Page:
In the case of Alcazar Amusement Co. v. Mudd & Colley Amusement Co., 204 Ala. 509, 86 So. 209, the suit was to enjoin the exhibition of a motion picture which plaintiff claimed to have the exclusive right to exhibit. The court held that equity had jurisdiction to restrain a third party from exhibiting a motion picture in violation of plaintiff's exclusive contract rights. By way of argument, not essential to the conclusion, the court referred to certain foreign cases holding that an action in tort exists against one who consciously interferes with the performance of a contract. This is not authoritative on the subject, since it is only stated by way of argument, and was not controlling in determining the equity jurisdiction of that case. The authorities in other states are in conflict. 62 Corpus Juris, 1141.

On the other hand, in Erswell v. Ford, 208 Ala. 101, 94 So. 67, 69, the court asserts that it approves the following statement: "An action cannot in general be maintained for inducing a third person to break his contract with the plaintiff; the consequence after all being only a broken contract for which the party to the contract may have his remedy by suing upon it." This was quoted from Sleeper v. Baker, 22 N.D. 386, 134 N.W. 716, 39 L.R.A. (N.S.) 864, Ann.Cas.1914B, 1189. The court then notes two exceptions, one relating to employees and the other to the use of coercion or fraud. The first exception is approved in our cases cited herein, and for the second the court refers to the authorities cited by the Court of Appeals in McCluskey v. Steele, 18 Ala.App. 31, 88 So. 367.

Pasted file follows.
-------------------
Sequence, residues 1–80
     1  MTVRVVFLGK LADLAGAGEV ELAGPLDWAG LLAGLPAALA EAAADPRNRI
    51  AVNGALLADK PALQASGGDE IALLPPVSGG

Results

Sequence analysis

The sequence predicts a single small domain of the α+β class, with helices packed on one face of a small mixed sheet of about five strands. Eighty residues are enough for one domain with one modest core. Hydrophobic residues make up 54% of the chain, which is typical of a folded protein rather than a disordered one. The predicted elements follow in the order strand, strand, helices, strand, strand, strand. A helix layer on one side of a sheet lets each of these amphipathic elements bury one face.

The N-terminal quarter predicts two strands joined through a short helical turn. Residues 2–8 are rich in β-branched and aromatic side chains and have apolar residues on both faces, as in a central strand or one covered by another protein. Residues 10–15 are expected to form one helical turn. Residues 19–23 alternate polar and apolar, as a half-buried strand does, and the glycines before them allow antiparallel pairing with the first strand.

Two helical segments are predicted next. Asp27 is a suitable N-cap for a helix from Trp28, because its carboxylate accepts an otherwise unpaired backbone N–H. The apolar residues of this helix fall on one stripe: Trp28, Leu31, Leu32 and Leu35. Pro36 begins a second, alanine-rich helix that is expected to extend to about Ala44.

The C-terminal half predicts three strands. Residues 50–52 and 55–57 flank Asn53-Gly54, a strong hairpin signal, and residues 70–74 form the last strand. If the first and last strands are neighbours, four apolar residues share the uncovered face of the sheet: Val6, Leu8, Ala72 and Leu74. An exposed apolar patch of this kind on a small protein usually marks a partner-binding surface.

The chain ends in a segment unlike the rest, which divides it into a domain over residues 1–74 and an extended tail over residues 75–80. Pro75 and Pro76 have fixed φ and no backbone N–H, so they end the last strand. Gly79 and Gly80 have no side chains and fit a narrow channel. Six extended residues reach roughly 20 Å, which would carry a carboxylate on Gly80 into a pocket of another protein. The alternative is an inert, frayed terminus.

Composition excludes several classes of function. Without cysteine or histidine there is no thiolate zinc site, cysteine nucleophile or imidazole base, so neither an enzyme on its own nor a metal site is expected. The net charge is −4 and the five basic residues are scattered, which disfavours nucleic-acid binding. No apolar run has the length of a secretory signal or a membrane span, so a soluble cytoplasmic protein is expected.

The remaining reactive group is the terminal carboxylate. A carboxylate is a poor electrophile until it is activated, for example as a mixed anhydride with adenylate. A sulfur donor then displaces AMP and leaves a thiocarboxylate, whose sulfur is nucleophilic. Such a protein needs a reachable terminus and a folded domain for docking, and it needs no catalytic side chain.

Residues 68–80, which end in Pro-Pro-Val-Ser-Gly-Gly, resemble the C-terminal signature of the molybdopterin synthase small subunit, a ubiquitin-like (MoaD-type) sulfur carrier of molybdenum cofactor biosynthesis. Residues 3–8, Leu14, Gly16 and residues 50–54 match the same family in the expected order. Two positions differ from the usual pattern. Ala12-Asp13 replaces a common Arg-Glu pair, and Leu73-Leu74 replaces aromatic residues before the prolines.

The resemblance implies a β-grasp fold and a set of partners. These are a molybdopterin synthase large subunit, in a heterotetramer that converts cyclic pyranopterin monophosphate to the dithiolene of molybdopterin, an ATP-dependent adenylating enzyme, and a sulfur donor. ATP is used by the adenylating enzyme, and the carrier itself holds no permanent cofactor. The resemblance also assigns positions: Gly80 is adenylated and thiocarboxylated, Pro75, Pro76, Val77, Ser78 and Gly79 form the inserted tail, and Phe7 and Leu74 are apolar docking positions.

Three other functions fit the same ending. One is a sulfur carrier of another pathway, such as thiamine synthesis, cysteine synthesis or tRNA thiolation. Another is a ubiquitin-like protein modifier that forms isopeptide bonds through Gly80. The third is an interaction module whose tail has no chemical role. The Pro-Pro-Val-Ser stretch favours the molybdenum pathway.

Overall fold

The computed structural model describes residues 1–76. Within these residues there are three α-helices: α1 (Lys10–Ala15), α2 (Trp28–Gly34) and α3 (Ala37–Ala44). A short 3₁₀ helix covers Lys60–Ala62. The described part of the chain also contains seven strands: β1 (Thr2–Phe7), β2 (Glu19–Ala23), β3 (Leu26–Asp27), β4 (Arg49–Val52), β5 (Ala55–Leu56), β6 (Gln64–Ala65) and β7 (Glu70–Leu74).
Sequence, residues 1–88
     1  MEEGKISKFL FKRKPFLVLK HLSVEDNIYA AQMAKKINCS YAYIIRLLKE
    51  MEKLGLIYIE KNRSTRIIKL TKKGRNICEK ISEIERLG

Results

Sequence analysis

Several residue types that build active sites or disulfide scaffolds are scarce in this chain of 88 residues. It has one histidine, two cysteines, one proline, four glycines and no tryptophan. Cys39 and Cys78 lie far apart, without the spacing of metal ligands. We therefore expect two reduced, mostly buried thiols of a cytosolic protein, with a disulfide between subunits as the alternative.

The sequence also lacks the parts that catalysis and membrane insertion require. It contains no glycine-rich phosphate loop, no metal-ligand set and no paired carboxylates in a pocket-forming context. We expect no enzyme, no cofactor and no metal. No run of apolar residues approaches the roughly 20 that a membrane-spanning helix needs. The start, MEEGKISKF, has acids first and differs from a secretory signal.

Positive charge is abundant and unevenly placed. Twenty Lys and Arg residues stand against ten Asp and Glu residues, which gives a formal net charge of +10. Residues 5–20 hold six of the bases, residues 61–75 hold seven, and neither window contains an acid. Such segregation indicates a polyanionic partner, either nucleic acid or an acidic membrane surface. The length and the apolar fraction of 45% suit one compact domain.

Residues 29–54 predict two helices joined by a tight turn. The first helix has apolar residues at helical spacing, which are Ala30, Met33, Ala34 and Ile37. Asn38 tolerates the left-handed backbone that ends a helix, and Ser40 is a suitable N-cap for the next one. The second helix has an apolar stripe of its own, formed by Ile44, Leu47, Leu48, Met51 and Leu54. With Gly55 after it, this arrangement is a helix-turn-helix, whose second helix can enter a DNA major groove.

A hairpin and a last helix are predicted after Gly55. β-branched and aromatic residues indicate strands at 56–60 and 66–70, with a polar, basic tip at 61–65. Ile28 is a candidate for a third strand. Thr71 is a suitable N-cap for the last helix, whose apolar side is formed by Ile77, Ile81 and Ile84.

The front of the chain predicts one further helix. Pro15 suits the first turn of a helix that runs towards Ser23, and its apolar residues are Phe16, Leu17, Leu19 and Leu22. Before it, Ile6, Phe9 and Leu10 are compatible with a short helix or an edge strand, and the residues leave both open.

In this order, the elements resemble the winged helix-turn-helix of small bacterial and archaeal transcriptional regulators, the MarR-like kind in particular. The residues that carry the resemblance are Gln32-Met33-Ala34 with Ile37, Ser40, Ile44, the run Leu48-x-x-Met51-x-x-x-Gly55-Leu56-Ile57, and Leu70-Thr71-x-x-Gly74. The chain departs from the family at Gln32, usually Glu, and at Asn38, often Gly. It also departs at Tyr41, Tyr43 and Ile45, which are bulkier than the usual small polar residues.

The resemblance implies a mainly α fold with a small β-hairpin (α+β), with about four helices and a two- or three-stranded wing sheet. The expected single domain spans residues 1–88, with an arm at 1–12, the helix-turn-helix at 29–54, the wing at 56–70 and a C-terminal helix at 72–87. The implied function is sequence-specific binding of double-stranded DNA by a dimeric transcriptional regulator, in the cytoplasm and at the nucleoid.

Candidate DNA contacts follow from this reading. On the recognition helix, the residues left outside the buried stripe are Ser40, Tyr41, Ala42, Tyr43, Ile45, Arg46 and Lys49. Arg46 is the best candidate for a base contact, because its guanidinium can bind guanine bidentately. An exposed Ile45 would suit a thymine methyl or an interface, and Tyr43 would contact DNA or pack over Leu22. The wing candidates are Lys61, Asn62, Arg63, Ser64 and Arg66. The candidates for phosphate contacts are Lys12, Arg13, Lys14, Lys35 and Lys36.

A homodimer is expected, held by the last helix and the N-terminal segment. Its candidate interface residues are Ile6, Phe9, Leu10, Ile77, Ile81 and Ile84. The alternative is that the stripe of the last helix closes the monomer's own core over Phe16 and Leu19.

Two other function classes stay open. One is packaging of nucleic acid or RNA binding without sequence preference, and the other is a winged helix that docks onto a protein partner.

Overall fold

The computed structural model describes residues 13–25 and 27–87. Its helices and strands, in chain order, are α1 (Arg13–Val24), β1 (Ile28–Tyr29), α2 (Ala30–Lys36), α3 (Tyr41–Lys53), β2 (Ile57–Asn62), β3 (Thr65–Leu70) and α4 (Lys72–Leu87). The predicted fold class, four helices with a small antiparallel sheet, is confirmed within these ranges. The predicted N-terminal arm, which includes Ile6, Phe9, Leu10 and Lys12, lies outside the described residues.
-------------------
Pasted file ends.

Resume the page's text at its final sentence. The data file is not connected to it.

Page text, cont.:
But bringing the question more directly to such a suit as here attempted in count K, this court in Dent v....

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16 cases
  • Kelite Products v. Binzel
    • United States
    • U.S. Court of Appeals — Fifth Circuit
    • 15 Junio 1955
    ...94 So. 67, for this contention. But their interpretation of this case and of the Alabama law is not correct. In Louisiana Oil Co. v. Green, 230 Ala. 470, 161 So. 479, 481, it was "It is our understanding that the effect of our cases is to hold that no such claim of damages i. e., for interf......
  • Gross v. Lowder Realty Better Homes and Gardens
    • United States
    • Alabama Supreme Court
    • 18 Abril 1986
    ...are cited. 208 Ala. at 103, 94 So. at 69. The rule put forward in Erswell, supra, was reaffirmed and expanded in Louisiana Oil Corp. v. Green, 230 Ala. 470, 161 So. 479 (1935), wherein the Court said: It is our understanding that the effect of our cases is to hold that no such claim of dama......
  • Ponder v. Lake Forest Prop. Owners Ass'n
    • United States
    • Alabama Court of Civil Appeals
    • 26 Junio 2015
    ...cannot be maintained, the remedy being to sue on it. Erswell v. Ford, 208 Ala. 101, 94 So. 67 [ (1922) ]; Louisiana Oil Corp. v. Green, 230 Ala. 470, 161 So. 479 [ (1935) ]."). Therefore, we affirm the trial court's dismissal of Ponder's claim of civil conspiracy against the individual Boar......
  • Griese-Traylor Corp. v. First Nat. Bank of Birmingham
    • United States
    • U.S. Court of Appeals — Fifth Circuit
    • 8 Mayo 1978
    ...see, also, Alcazar Amusement Company v. Mudd & Colley Amusement Company, 204 Ala. 509, 86 So. 209 (1920), and Louisiana Oil Corporation v. Green, 230 Ala. 470, 161 So. 479 (1935), in which the latter case declared that the former was "not Volz v. Liberty Mutual Insurance Co., 498 F.2d 659, ......